Saturday, January 28, 2017

Open doors, slamming gates: The tumultuous politics of U.S. immigration policy

In his farewell address to the nation in 1989, President Ronald Reagan told the story of a Navy sailor patrolling the South China Sea who came upon a “leaky little boat” crammed with refugees from Indochina trying to find a way to America.

“Hello, American sailor,” a man in the boat shouted up to the Navy vessel. “Hello, freedom man.” Reagan couldn’t get that moment out of his mind because of what it said about what the United States meant — to those who live here and to the rest of the world.

But history reveals that even as the United States moved from the restrictive immigration policies of a century ago to Reagan’s advocacy of an open door to refugees, public opinion has oscillated. President Trump’s move Friday to bar entry into the United States for residents of seven majority-Muslim countries harks back to a period when the U.S. government regularly banned immigrants and refugees from countries whose people were considered inferior, dangerous or incompatible with American values.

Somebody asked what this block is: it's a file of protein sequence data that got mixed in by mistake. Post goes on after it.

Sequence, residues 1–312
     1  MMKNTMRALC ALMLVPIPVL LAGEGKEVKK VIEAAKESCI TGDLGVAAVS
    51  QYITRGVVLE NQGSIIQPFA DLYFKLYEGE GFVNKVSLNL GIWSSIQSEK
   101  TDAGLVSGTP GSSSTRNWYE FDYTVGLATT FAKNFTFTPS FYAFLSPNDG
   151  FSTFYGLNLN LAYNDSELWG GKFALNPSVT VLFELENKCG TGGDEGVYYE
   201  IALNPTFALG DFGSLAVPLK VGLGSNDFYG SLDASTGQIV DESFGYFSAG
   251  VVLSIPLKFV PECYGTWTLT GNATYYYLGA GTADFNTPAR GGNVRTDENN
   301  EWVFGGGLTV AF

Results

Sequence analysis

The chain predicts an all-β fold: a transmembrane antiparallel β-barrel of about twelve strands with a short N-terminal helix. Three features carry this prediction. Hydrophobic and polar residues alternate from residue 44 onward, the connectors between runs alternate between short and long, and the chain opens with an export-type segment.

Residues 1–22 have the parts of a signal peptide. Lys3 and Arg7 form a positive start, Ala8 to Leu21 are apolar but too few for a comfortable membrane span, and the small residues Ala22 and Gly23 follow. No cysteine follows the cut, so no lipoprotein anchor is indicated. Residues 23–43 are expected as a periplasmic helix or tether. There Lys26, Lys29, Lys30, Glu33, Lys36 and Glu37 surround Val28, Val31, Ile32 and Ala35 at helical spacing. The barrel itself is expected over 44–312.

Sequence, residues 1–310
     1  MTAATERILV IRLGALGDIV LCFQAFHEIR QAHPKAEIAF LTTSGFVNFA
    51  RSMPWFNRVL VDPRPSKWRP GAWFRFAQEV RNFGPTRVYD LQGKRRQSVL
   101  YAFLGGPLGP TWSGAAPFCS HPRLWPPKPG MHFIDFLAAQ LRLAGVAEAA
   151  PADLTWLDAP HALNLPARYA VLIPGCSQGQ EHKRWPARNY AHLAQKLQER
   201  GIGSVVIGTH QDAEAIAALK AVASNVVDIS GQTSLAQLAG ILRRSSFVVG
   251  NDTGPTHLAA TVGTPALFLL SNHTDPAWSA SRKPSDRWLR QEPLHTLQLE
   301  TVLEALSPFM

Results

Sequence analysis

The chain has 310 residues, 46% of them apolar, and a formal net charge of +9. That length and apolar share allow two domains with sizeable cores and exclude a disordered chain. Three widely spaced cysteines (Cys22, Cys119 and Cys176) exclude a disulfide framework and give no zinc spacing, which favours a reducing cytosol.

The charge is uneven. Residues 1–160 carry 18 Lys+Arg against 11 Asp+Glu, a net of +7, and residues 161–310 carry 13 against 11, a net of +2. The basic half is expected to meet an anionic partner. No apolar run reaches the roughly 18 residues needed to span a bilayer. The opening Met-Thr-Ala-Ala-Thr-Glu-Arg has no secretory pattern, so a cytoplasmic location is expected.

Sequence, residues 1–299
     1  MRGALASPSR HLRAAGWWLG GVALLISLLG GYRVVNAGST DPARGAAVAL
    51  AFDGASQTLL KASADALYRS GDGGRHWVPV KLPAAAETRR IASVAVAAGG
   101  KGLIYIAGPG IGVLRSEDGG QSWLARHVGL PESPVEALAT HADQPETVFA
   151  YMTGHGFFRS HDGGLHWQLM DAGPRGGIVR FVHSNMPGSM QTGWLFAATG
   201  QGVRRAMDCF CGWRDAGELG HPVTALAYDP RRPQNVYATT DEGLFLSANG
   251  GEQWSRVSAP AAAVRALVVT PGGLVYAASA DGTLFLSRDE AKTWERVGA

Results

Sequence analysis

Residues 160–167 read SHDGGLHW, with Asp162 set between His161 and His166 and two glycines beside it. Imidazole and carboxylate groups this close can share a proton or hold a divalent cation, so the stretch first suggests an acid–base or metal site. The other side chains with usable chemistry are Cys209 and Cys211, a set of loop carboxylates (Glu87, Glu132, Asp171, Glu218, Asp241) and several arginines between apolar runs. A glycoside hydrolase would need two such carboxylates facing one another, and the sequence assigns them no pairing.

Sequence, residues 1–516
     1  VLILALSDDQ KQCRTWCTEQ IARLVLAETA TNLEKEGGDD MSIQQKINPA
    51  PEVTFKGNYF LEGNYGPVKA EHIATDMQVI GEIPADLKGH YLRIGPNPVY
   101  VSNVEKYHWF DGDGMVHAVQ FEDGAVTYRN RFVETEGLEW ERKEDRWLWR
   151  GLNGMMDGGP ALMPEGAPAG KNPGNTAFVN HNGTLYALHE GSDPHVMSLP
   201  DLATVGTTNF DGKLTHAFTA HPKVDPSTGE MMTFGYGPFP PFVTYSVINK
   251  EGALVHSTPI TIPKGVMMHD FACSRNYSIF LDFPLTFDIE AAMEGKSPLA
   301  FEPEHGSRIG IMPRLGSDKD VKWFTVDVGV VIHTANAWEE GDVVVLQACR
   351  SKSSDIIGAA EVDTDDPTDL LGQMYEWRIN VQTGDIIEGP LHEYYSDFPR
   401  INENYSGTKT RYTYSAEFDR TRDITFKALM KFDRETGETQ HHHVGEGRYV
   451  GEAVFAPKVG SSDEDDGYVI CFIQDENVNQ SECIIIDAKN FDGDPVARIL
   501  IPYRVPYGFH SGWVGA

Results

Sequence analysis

Trump’s executive action marks the first time a president has sought to bar people because of their nation of origin — or their religion, as only Muslim-dominated countries are included in the order — since the 1965 Immigration and Nationality Act scrapped national-origin quotas, putting the focus instead on immigrants’ skills and personal connections to Americans.

“This is a paradigm shift,” said David Bier, who studies immigration policy at the Cato Institute, the libertarian think tank. “This is an explicit rejection of the approach that George W. Bush and Barack Obama embraced, in which a big part of the war on terror was to bring in allies, to prove we’re not waging a war on Islam and to show that we’re an open society toward Muslims.” - Read More

Open doors, slamming gates: The tumultuous politics of U.S. immigration policy


Post a Comment

<< Home